Global oil prices and Russia’s economy
Leonid Grigoriev, Professor at the HSE Faculty of World Economy and International Relations, comments on oil prices' impact on the Russian economy.
Like all other countries, Russia is interested in stable oil prices. Volatile prices play into the hands of speculators but do no good to either producers or consumers, Russia’s top economic analysts think.
Professor at the Moscow based Higher School of Economics, Leonid Grigoriev, says that low oil prices make companies reduce drilling for oil and stop investing in the exploration of new fields. Consumers get nervous if prices are overrated, which poses a risk of economic stagnation. Investors start focusing more on gas and renewable sources of energy:
"Now we are witnessing a slow and quite difficult recovery. No exporting country wants conflicts in oil cooperation, they all expect prices to remain stable. The market has been successfully responding to these needs. In 2009-2010 oil price varied between $80-100. In early 2011 the price reached $100 following reduced production in Libya and the Fukushima nuclear disaster. The average oil prices this year will be higher than in the pre-crisis times, allowing OPEC and Russia to earn more than in 2008. Global oil consumption is on the rise, positively affecting the production."
The head of the Institute for Energy Strategy Vitaly Bushuyev says that the market of oil futures, where prices are set, is part of the financial market, where a price is determined not just by demand and supply buy also by free capital. That is why prices vary so much these days:
"Oil market is overloaded today, so the price will sooner or later fall. Meanwhile the price remains high since there is a constant demand for oil and a huge amount of free money. We see that a peak price of $120 has already taken place, while at the end of the year we expect $80 per barrel as all resources that could have kept the price stable have been exhausted. The question remains whether this will happen at once or gradually."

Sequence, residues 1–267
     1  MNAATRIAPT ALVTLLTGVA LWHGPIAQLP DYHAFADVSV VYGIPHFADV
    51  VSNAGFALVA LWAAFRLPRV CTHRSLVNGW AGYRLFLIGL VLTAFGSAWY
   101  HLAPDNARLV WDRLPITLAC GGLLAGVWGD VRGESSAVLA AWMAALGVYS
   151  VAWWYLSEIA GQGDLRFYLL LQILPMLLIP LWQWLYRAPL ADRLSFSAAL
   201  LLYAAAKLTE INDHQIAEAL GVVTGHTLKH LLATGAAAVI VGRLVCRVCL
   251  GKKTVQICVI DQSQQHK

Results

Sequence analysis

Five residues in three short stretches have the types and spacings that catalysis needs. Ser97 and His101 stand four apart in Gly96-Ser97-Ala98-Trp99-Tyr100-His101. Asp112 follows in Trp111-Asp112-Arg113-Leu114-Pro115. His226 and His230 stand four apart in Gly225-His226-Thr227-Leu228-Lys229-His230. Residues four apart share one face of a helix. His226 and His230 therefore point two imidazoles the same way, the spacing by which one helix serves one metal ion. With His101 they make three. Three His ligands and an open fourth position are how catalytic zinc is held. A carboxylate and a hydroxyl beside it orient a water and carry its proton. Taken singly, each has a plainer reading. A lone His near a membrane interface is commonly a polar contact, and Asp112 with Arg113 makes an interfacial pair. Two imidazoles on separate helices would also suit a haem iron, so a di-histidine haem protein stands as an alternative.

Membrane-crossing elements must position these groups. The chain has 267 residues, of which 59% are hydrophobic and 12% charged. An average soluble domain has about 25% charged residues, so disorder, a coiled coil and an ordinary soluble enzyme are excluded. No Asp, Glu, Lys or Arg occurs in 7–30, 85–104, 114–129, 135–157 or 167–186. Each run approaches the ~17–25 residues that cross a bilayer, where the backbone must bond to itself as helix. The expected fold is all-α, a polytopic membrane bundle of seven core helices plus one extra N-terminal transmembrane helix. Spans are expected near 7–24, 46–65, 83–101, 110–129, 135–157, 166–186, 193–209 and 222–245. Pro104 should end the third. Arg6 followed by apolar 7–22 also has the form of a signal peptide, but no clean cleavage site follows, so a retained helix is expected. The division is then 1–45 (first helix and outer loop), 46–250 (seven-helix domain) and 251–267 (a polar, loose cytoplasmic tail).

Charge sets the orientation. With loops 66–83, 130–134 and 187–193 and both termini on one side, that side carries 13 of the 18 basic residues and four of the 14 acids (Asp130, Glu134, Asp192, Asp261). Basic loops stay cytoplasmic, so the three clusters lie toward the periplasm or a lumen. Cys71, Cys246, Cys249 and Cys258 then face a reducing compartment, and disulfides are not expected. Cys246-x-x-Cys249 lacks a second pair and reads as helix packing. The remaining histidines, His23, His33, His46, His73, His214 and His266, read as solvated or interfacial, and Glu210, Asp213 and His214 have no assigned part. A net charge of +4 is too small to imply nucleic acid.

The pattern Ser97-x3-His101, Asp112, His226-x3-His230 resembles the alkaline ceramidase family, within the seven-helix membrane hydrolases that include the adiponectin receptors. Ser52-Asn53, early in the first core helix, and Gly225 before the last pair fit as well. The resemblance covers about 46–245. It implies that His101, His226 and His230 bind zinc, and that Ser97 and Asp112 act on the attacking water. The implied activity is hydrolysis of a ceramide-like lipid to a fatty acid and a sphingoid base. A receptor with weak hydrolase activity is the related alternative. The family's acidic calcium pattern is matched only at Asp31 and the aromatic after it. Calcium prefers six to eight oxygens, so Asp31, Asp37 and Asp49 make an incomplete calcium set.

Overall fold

Like Saudi Arabia, Russia is among the world’s leading oil producers. Russian companies have repeatedly said that they accept the price at $70-90 per barrel for it allows investing more in oil exploration. If prices grow, this offers a chance to earn more and save money or spend it on other purposes. However, too high prices are not welcome for they will result in a massive influx of dollars. In other words, Russia is interested in stable prices and lack of price fluctuations. Leonid Grigoriev says this is compulsory if we want a well-planned budget:
"Since the budget in Russia is approved by State Duma and President, what is said in this document is usually fulfilled. So I do not see any problem with oil price fluctuations. The budget is working already. But oil prices may affect the budget for 2012. The stronger these fluctuations are, the more cautious the Finance Ministry will be while discussing a draft budget."
Since oil prices rely on too many things, nobody can predict them precisely. One thing is clear: like the rest of the world, Russia expects oil prices to be stable.